Protesters at Atlanta mayor’s town hall demand answers in officer-involved shooting

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Protesters at Atlanta mayor’s town hall demand answers in officer-involved shooting

photo by EMILY HANEY / [email protected] Emily Haney/[email protected]

photo by EMILY HANEY / [email protected] Emily Haney/[email protected]

photo by EMILY HANEY / [email protected] Emily Haney/[email protected]

by Raisa Habersham, AJC

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Roughly 20 people were escorted out of Atlanta Mayor Keisha Lance Bottoms’ second town hall meeting Tuesday evening as they protested the death of a 21-year-old at the hands of an officer.

Moments after Atlanta police Chief Erika Shields took to the podium, the crowd erupted into chants and demanded answers in the death of Jimmy Atchison, who was shot and killed in January by Officer Sung Kim.

“Why is Officer Kim still on the force?” one protester shouted. Protesters continued for about three minutes before officers swarmed the crowd and escorted them out of Cascade United Methodist Church.

Shields told residents at the meeting that she and Bottoms met with Atchison’s family Monday and apologized for the lack of communication from the department.

“Sometimes when you screw up the best thing you can do is fix it moving forward,” Shields said about the lack of communication.

Photo: Emily Haney/[email protected]

On Jan. 22, Atchison, a father of two, was shot by investigator Sung Kim as he hid in a closet, unarmed, according to witnesses. Atchison, wanted for an alleged armed robbery of a cellphone, had fled to a friend’s apartment in northwest Atlanta after heavily armed task force members appeared at his door. Authorities have not said what prompted the shooting.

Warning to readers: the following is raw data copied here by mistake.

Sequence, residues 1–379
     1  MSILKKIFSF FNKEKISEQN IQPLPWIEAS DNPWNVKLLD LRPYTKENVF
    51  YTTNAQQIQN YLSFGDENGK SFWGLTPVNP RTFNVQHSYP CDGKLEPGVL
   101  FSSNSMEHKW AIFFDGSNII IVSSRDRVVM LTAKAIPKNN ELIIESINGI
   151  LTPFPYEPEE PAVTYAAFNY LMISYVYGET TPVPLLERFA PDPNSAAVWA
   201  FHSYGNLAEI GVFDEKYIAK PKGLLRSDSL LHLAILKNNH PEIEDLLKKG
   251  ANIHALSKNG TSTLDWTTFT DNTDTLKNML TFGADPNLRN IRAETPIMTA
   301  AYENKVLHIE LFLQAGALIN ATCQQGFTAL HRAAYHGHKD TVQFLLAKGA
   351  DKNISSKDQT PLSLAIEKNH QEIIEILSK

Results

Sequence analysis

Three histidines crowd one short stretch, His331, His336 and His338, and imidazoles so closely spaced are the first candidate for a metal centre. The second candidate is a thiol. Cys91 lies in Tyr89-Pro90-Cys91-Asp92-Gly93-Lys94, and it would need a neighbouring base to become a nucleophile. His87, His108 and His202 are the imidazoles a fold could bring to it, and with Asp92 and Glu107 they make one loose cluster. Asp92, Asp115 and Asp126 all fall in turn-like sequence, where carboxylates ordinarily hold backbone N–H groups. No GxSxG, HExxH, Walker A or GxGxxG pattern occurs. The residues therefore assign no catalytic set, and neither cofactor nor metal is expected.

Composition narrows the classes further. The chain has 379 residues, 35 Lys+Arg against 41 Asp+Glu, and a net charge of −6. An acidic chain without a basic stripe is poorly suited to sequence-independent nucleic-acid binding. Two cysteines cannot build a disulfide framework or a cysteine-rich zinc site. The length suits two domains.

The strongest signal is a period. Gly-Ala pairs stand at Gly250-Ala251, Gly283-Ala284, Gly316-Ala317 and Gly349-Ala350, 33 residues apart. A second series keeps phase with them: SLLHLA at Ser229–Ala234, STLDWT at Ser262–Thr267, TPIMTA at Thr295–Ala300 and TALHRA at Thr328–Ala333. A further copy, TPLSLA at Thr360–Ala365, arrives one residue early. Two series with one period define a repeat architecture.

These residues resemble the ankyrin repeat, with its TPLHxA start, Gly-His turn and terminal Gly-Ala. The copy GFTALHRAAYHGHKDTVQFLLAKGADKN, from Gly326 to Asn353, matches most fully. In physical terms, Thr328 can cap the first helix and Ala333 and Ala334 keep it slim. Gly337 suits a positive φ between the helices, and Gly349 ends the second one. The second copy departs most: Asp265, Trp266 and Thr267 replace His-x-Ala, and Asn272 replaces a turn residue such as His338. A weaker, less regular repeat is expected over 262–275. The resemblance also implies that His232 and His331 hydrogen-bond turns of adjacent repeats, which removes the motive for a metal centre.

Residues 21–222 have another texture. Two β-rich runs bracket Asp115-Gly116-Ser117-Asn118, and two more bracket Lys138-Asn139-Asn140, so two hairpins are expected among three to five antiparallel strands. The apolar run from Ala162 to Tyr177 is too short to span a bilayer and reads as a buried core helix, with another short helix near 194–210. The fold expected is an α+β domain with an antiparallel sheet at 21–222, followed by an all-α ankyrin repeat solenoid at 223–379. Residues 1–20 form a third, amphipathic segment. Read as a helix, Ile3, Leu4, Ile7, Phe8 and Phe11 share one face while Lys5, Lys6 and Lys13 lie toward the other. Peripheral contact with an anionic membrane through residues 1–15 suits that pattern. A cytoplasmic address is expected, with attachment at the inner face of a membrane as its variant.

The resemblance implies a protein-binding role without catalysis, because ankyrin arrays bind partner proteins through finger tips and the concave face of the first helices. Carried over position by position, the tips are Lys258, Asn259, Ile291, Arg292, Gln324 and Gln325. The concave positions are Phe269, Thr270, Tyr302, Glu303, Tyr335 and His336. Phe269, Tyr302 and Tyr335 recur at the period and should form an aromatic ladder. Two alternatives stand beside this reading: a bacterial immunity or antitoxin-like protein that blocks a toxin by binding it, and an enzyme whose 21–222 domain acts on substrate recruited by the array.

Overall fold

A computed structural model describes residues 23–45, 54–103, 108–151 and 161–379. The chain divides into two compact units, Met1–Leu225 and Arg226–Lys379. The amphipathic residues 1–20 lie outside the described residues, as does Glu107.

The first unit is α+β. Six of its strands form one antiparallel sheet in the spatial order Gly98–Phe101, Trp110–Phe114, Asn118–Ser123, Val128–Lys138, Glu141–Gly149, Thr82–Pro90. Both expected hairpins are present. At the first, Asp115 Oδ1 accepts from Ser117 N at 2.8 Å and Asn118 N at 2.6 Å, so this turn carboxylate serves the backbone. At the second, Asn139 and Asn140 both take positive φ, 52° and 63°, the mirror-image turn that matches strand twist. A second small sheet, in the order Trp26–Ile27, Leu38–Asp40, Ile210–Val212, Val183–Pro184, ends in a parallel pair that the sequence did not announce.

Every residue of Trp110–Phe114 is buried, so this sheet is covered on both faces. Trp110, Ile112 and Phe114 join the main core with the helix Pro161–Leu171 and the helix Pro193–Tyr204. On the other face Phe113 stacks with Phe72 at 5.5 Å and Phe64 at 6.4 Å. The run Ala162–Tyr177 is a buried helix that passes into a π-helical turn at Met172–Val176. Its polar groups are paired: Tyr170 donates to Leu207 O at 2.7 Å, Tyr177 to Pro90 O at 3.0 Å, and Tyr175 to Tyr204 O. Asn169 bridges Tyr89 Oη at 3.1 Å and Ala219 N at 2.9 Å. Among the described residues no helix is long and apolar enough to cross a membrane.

Photo: The Atlanta Journal-Constitution

Kim was assigned to a federal fugitive task force at the time of the shooting. He remains on paid administrative duty and stripped of police powers pending the outcome of the investigations into his conduct.

It is still unclear why Kim shot and killed Atchison. But Shields reassured the crowd: “There is no cover-up.”

The FBI is investigating the shooting. The Fulton County district attorney’s office also launched an investigation into the shooting.

Kim joined the Atlanta Police Department in 1993, and he has been the subject of two citizen complaints, neither sustained, and six internal investigations, including the Atchison case, according to his personnel file.

Protester Dominic Brown, 33, said he and other activists had contacted Shields and Bottoms for answers concerning the case, but never received a response.

“We came out not to disrupt, but to bring awareness to a situation that was being ignored by the city,” he told the AJC.

The uproar raised the concern about policing in Southwest Atlanta and black communities, which are often victimized by officer-involved shootings. Black people are three times more likely to be killed by police than white people, according to online database Mapping Police Violence.

Shields assured residents they were not being overlooked when it came to the city’s policing efforts.

“It won’t happen under my watch,” she said. “I will fight to the bitter end to make sure people are treated fairly and equitably. You have my word”

Striking a more relaxed tone than Bottoms’ first town hall in Buckhead, many of the residents’ issues focused on beautification efforts in the city, road conditions and affordable housing.

Brown stayed at the meeting after the protest and commended the Bottoms’ administration for their recent efforts in improving southwest Atlanta, but would like to see improved transparency efforts.

“A lot of people feel they don’t get answers to things,” he said.

Real estate broker Charles Lawrence praised the city’s latest efforts citing the open checkbook — an online portal that allows residents to track the city’s spending — but he is worried about affordable housing.

“It’s going to be a big challenge especially with how it relates to schools,” Lawrence said.

Staff writer Christian Boone contributed to this article. 

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